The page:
City Manager T.C. Broadnax briefed Council this week on how he plans to finally fix Dallas’ broken permitting process, which has been in various stages of disarray for over two years. Residential builders say it’s still taking eight to 10 weeks to get needed approvals. Phil Crone, the president of the Dallas Builders Association, says that every other city in North Texas processes those same permits in two to three weeks.
Commercial developers are harder to pin down because of the variety of their projects, but Linda McMahon, the head of the The Real Estate Council, says she receives “a daily barrage of emails” from brokers and smaller developers who can’t figure out why their permits aren’t moving quicker.
Broadnax’s presentation on Wednesday was supposed to bring clarity on what is to come. And he did present a plan. But that solution contained no metrics by which to gauge success. It is still not clear what the city believes is an appropriate amount of time for processing commercial and residential permits so builders can get to work.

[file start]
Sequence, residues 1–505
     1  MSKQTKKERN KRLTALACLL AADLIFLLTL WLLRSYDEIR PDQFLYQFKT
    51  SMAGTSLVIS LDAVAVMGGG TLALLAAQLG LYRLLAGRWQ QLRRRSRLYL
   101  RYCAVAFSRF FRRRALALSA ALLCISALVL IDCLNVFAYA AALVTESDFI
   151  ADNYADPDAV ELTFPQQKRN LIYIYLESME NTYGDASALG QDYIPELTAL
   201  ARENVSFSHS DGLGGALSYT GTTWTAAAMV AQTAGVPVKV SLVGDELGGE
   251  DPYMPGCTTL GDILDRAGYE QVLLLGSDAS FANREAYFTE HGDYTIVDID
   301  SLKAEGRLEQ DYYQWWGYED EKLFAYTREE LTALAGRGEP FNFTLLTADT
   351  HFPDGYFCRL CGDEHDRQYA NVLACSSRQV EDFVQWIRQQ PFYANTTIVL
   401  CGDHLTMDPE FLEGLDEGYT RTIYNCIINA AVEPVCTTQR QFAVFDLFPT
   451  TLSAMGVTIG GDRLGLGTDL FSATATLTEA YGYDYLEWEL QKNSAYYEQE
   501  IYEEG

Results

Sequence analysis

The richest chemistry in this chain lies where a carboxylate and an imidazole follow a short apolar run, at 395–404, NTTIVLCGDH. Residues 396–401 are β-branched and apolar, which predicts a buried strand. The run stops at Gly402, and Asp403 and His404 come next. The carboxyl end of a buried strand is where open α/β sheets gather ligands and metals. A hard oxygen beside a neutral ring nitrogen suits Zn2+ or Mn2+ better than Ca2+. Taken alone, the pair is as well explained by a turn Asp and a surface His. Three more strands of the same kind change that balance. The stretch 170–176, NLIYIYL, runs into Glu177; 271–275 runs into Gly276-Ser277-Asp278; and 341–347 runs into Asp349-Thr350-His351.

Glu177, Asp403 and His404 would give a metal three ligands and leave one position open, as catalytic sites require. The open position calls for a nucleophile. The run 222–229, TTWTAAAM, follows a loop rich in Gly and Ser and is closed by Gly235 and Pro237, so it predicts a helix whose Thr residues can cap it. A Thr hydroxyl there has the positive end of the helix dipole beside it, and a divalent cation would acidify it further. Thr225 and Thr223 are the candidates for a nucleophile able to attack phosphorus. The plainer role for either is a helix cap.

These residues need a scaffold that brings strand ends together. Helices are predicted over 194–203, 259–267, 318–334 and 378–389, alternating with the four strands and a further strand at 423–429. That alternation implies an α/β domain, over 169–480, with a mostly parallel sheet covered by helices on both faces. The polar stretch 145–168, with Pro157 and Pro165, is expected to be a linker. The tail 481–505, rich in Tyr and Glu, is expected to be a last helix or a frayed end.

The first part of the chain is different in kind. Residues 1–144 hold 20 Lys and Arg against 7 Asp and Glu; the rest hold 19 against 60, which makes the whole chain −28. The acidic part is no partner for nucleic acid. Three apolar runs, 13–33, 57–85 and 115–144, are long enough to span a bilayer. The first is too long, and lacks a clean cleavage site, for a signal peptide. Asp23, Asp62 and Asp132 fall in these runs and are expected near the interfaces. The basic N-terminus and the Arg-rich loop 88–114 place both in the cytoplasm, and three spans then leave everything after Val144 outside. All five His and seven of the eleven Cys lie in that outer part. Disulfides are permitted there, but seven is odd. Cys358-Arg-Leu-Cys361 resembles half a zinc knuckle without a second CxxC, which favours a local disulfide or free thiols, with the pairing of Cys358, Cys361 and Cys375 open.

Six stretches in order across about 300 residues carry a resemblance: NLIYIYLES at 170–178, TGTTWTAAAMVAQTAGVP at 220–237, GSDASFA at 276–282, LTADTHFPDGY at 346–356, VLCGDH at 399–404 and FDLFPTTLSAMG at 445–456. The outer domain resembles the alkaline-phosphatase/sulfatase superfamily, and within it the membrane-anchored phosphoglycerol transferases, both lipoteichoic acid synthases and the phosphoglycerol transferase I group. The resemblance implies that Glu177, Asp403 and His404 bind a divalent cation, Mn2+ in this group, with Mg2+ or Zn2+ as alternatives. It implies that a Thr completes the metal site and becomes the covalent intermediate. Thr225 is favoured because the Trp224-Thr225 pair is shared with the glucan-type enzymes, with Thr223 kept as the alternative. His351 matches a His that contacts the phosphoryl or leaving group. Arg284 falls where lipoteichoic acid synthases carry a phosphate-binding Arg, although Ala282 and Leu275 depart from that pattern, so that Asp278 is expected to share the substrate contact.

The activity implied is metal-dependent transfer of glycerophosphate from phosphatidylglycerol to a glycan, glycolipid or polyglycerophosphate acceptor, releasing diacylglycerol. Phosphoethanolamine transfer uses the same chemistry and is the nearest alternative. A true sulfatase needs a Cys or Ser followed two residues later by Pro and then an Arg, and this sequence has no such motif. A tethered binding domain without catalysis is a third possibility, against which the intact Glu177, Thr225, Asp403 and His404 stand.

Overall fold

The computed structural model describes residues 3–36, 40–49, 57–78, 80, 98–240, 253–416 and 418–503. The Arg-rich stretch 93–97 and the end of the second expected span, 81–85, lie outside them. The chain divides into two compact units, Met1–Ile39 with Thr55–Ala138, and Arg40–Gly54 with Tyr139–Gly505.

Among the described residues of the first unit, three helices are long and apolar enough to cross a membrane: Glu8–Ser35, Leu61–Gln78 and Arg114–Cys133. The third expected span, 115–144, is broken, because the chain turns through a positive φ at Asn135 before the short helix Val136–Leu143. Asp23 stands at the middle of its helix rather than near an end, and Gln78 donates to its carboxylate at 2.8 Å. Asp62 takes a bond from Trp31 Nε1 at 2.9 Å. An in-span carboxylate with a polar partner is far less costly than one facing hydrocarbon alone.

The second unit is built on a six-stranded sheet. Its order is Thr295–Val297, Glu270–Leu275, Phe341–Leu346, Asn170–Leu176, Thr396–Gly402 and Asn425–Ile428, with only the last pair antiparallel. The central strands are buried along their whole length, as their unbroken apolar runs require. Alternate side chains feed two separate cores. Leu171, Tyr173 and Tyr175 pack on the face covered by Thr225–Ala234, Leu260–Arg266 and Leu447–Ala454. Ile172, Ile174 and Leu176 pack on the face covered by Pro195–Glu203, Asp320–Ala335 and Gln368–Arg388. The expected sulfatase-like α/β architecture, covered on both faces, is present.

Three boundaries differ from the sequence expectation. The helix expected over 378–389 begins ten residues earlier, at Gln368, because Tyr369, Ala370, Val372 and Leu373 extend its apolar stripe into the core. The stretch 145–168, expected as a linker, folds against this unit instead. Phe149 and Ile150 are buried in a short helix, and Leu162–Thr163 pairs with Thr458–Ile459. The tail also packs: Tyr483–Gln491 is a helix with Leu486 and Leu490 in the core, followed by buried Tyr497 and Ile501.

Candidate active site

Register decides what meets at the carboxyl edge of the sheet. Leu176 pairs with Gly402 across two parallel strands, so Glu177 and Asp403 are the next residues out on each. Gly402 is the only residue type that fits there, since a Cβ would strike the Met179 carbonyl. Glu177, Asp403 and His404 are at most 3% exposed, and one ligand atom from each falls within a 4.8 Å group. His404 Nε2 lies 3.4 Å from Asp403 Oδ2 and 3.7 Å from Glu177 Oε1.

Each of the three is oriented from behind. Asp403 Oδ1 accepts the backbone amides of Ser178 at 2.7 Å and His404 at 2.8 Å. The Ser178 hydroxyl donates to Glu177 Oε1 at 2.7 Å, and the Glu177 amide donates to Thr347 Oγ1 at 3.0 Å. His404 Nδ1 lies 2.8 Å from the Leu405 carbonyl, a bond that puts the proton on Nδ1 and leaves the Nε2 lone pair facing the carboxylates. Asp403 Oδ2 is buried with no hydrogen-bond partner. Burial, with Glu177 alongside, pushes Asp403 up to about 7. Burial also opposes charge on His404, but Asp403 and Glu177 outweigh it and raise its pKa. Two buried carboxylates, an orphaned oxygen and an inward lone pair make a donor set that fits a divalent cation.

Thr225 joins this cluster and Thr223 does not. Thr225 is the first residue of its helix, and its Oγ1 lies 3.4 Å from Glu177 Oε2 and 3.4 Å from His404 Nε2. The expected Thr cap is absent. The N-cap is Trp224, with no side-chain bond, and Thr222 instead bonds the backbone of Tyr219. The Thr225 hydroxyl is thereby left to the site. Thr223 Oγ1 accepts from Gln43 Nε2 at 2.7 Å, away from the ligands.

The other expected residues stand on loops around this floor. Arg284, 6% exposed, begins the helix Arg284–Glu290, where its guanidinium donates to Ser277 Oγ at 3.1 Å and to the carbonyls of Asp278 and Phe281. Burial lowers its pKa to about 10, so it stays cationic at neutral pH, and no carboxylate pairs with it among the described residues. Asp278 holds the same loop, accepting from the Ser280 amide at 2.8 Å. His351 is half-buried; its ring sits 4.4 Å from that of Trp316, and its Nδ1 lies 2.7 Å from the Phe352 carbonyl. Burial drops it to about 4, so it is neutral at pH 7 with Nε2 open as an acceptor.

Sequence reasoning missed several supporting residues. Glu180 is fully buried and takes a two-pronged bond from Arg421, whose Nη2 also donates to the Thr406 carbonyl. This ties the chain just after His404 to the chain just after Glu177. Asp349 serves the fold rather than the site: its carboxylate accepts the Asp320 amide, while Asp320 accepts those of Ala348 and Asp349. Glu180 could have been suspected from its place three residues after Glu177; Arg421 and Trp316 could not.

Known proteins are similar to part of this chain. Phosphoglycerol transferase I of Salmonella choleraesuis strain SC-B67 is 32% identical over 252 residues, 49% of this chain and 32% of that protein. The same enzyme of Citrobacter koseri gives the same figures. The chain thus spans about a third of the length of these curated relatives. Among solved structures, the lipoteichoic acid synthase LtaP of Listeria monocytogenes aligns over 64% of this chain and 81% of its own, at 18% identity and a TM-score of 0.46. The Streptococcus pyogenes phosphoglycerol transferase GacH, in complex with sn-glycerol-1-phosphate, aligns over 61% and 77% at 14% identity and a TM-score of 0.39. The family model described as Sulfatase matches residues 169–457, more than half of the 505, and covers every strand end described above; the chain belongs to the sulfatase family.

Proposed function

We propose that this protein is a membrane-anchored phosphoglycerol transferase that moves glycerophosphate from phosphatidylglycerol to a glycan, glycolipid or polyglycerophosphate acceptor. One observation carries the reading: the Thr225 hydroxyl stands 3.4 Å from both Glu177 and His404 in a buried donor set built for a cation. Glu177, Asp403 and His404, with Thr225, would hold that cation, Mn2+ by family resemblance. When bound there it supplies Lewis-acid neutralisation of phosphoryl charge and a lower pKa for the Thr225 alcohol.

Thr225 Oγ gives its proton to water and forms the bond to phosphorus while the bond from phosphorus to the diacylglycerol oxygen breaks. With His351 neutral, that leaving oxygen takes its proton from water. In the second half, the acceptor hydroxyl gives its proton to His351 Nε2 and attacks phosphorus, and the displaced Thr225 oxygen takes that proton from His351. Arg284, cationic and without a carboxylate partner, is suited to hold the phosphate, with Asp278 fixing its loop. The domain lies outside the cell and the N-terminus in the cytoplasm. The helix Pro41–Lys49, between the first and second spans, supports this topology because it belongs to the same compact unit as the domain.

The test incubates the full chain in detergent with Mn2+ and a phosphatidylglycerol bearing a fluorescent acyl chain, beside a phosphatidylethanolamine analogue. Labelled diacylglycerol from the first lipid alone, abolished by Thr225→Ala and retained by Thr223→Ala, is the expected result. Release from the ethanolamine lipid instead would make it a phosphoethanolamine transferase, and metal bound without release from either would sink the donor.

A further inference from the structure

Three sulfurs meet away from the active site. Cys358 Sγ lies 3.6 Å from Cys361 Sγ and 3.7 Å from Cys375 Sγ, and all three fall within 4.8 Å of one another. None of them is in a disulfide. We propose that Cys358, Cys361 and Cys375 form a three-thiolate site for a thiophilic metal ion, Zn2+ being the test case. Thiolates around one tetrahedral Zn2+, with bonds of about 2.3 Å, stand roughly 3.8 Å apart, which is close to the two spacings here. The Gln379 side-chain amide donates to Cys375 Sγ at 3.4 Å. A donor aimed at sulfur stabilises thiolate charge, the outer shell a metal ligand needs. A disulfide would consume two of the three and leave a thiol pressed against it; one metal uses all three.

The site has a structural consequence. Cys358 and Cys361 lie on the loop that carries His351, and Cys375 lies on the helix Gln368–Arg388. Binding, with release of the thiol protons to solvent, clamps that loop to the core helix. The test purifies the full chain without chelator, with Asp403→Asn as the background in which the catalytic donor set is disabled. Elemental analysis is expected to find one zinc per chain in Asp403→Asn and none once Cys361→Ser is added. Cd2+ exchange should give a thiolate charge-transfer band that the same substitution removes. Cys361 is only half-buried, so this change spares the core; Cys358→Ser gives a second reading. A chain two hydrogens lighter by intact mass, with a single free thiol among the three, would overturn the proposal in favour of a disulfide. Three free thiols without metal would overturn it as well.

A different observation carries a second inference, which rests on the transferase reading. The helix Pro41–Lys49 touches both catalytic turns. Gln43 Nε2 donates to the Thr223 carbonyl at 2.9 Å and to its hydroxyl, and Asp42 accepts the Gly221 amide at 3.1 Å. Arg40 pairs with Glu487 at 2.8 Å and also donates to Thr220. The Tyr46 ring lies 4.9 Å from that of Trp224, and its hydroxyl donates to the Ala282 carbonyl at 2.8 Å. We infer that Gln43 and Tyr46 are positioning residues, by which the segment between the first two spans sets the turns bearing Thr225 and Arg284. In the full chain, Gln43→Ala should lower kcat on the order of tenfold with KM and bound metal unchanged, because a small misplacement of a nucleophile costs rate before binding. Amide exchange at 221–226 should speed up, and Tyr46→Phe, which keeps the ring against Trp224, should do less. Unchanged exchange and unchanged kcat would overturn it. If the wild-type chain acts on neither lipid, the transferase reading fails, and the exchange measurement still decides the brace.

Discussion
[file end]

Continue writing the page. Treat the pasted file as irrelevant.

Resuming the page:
Broadnax also argued that the issue had been overblown by the media and the development community. He says people now approach him at parties to ask when the permitting problem is going to be fixed—something that used to be an in-house complaint among the developer community has now gone public. “That’s not a good party feeling,” he said.
The city manager estimated that processing times would be back to normal—“the good old bad days,” as he called it, which came accompanied with no numbers or timeline to define what those “gold old bad days” really entailed—early next year. In the conversations I’ve had with builders, consultants, and council members, they took his attitude like this: little to see here, we’re on top of it, and why are we even talking about this?
Why are we talking about this? Here is an anecdote from one homeowner I spoke to.